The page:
Top Line: Does secondary cytoreductive surgery improve survival for patients with relapsed, platinum sensitive ovarian cancer?
The Study: The role of secondary cytoreductive surgery for platinum sensitive (> 6 months since platinum) relapsed ovarian cancer has been a long-running debate. Here, SOC-1 becomes the third large randomized trial to inform management of this patient population. Previously, GOG-0213 demonstrated no improvement in median overall survival with cytoreductive surgery + chemo (50.6 months) compared to chemo alone (64.7 months). In contrast, DESKTOP-III did show a significant improvement in median OS with surgery compared to chemo alone (46→ 53.7 months). The difference in mOS from these trials is interesting given the fact that median PFS was superior with surgery + chemo in both. In SOC-1, there was also a significant improvement in median PFS from 11.9→ 17.4 months. OS results were not mature in this report, but interim results showed mOS of 58.1 months with surgery versus 53.9 months without. So, what’s different among these trials? All 3 required eligible patients to have “resectable” disease, but while DESKTOP-III and SOC-1 had objective resectability criteria, the GOG trial relied on the surgeon’s discretion for resectability. The R0 resection rates for each trial were 75%, 77%, and 67%, respectively. Another key difference was that the majority of patients in GOG-0213 (84%) had maintenance therapy (bevacizumab), but just 23% in DESKTOP-III and a mere 10% in SOC-1 received maintenance therapy. The final take away from all three trials was that patients who have incomplete resection do worse than those who have no resection at all--underlining the importance of patient selection for this treatment approach.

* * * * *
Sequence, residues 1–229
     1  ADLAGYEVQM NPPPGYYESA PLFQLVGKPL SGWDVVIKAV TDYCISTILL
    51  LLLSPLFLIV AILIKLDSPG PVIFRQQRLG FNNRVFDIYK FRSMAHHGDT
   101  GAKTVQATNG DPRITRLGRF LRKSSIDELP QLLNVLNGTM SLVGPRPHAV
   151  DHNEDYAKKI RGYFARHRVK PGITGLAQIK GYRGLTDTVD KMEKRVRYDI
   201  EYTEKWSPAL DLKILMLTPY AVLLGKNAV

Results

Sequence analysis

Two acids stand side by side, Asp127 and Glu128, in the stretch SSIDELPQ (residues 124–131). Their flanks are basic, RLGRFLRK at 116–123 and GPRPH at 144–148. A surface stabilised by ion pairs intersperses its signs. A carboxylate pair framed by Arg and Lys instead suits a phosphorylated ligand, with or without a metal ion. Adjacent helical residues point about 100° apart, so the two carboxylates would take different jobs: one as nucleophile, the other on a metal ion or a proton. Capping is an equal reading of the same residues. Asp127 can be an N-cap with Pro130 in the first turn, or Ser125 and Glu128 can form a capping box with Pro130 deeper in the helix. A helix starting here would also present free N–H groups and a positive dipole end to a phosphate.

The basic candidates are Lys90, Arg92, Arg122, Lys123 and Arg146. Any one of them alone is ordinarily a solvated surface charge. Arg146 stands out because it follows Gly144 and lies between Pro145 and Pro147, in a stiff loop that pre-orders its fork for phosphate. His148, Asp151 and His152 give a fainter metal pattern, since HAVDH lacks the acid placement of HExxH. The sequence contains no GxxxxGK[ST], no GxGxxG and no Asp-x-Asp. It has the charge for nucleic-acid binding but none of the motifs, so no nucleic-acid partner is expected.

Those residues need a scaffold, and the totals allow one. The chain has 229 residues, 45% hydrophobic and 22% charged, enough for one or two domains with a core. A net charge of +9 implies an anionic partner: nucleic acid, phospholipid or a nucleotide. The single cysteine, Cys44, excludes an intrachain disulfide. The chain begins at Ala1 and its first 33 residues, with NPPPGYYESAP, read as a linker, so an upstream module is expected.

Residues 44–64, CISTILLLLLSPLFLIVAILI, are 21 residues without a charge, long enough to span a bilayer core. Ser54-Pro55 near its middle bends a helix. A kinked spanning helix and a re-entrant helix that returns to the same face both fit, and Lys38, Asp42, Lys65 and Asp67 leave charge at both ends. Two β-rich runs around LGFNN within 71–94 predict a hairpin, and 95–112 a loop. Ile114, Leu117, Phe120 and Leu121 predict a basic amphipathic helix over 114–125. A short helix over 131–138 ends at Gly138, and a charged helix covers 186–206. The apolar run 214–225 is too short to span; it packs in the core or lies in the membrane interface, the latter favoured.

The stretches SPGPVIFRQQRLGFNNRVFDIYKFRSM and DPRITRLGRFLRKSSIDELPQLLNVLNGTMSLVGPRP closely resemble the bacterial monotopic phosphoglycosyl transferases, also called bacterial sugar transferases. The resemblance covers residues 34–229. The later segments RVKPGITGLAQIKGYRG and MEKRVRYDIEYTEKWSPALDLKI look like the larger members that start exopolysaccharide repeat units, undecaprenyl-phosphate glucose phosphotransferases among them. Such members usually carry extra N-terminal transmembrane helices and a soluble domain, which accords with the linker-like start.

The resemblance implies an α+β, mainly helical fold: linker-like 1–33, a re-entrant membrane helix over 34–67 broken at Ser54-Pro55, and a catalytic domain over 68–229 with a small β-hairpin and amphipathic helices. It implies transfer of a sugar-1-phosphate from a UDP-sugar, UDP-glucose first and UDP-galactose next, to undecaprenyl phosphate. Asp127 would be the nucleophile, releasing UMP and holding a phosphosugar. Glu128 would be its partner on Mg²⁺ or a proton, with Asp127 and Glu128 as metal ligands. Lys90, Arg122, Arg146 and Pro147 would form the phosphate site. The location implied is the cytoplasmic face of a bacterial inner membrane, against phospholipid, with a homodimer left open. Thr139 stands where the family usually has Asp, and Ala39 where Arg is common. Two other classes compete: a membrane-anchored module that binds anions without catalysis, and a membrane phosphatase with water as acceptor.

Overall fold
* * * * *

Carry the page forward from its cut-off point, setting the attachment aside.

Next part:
TBL: Secondary cytoreductive surgery for platinum sensitive, relapsed ovarian cancer improves PFS with mixed results for OS that are likely influenced by patients selection and maintenance therapy. | Shi, Lancet Oncol 2021